Other than in the disjoined repartee of question period, Agriculture Minister Gerry Ritz, like his predecessors, is rarely called to account in the Commons for the spending programs and priorities of his department.
That usually happens at the agriculture committee, which receives little attention from the mainstream news media on Parliament Hill.
But on May 14, MPs spent two hours in the Commons chamber probing the spending estimates of Agriculture Canada. It was carried on CPAC, the national parliamentary channel, for anyone needing a reprieve from hockey and reality shows.
Unfortunately in the chippy partisan nature of this Parliament, the session mostly consisted of the Conservatives applauding the government and the opposition complaining about it. It wasn’t a very enlightening session as nobody bothered to push Ritz on the details of the government’s programs.
The session did provide some kernels of information.
Liberal Farm Critic Wayne Easter noted the growing level of farm debt and the financial plight of hog producers. “The debt load is $55 billion and it has increased $4.1 billion since the government came to power, four times the amount of debt as the U. S. farmers.”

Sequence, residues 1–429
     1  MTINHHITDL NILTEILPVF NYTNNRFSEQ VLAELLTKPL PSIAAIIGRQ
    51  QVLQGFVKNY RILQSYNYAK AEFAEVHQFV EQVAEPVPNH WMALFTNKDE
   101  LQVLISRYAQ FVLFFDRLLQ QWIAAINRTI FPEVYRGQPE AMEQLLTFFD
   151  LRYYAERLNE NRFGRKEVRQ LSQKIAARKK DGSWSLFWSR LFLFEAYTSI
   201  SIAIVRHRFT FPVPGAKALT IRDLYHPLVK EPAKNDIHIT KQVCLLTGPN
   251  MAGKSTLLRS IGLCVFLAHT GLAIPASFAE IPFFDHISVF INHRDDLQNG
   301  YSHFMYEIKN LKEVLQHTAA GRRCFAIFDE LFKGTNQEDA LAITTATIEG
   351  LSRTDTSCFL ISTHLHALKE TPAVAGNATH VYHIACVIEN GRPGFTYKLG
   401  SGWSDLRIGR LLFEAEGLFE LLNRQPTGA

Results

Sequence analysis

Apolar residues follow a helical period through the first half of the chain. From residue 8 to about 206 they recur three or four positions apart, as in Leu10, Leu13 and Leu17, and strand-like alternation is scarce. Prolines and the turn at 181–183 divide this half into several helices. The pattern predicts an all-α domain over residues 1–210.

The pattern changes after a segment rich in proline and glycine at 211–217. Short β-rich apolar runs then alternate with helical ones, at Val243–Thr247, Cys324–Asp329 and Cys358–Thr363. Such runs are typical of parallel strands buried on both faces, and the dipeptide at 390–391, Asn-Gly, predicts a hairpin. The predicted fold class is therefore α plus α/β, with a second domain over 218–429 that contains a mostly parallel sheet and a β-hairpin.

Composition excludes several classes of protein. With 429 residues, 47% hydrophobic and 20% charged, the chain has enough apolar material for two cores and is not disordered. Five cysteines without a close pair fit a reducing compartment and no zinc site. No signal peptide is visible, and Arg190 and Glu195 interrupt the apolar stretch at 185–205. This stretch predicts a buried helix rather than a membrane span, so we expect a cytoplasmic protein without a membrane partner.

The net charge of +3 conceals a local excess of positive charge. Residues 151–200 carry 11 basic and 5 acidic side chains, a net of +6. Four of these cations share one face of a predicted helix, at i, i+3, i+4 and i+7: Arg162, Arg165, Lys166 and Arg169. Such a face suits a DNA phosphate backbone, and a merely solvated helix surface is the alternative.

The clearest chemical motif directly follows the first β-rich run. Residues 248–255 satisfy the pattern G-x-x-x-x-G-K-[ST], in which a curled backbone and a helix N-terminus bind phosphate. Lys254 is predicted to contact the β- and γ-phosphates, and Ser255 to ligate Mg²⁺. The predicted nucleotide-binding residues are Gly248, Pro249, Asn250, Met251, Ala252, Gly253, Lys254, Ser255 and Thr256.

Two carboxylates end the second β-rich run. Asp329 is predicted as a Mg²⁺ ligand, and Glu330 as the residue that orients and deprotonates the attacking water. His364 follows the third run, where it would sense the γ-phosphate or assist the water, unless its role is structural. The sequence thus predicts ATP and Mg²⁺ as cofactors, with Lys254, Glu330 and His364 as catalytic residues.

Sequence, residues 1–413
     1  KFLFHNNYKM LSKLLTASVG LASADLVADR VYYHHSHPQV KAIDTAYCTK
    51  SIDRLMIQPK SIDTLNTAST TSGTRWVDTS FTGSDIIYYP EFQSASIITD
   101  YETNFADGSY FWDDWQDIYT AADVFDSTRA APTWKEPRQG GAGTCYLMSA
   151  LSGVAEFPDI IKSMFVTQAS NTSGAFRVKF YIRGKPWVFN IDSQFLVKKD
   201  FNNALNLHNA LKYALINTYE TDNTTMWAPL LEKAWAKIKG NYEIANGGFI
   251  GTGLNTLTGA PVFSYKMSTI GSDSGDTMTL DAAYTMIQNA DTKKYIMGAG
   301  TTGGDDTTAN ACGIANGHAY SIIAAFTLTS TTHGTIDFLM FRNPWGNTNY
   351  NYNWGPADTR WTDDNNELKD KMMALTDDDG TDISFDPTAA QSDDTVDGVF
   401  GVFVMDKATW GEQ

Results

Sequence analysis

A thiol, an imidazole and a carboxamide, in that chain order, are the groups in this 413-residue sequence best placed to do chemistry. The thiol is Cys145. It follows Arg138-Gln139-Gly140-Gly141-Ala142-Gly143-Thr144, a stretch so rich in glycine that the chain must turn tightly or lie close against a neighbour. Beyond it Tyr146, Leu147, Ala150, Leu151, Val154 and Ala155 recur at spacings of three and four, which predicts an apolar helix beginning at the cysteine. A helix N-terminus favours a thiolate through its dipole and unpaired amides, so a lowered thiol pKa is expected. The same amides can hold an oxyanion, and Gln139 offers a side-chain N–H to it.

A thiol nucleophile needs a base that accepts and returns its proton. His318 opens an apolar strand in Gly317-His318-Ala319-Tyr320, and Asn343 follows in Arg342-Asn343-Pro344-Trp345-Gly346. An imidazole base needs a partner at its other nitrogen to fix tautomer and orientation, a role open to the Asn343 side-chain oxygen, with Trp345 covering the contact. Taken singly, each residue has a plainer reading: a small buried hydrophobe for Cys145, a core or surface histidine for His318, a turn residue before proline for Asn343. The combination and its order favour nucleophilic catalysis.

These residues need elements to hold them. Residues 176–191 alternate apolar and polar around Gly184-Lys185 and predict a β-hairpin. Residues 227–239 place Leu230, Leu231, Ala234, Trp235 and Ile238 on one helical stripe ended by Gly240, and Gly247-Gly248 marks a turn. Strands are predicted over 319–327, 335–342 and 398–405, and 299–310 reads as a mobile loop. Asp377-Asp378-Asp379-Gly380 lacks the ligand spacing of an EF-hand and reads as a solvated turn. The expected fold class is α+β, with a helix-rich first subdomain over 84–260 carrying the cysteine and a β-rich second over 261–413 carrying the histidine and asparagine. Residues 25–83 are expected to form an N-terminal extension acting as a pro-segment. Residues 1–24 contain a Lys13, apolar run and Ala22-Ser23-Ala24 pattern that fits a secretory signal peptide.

Meanwhile the Canadian Pork Council is waiting for an answer to its request for a $30-a-head payment to hog producers to offset low prices, Easter said.
Ritz noted the debt-to-asset ratio in Canada is up less than one per cent while land values have risen by an average of six per cent. In addition, the government brought in a cull sow program and opened more foreign markets to Canadian pork and pigs. He didn’t respond directly to the latest CPC request.
He did say that close to 100 applications have been received for funding under the $50 million slaughter capacity expansion loan program announced in the 2009 budget and the government has distributed about $600 million through AgriInvest.
The minister said he is also making a priority out of finding new customers for Canadian food products and “re-energizing some relationships with our long-standing trade partners. Over the past few months, we have successfully reopened beef access in Hong Kong, Jordan and Saudi Arabia. We have worked to expand pulse markets in India. We are keeping up the pressure with trade missions to Morocco last month and other key markets in the coming weeks and months.”
Ralph Goodale, Liberal house leader and a former agriculture minister, blasted Ritz for allowing the PFRA to be submerged within Agriculture Canada. “Its name has been abolished and it is now folded into some other branch of the Department of Agriculture.”
Ritz insisted that PFRA has a lead role in the Agri-Environment Services Branch and its expertise is being used internationally on water conservancy and grassland management projects. “There is no such thing as the PFRA is dead and gone. It has been reborn even better than it was before.”
Goodale noted that PFRA’s “decision-making authority has essentially been removed from the headquarters operation in Regina and centralized in Ottawa. When PFRA people in Regina retire, their positions go vacant and they are not replaced. Attrition is indeed well underway. This is clearly the plan, to let it wither on the vine.”
Ritz says a director general does run the PFRA office in Regina. The agency’s community pasture and other programs will continue.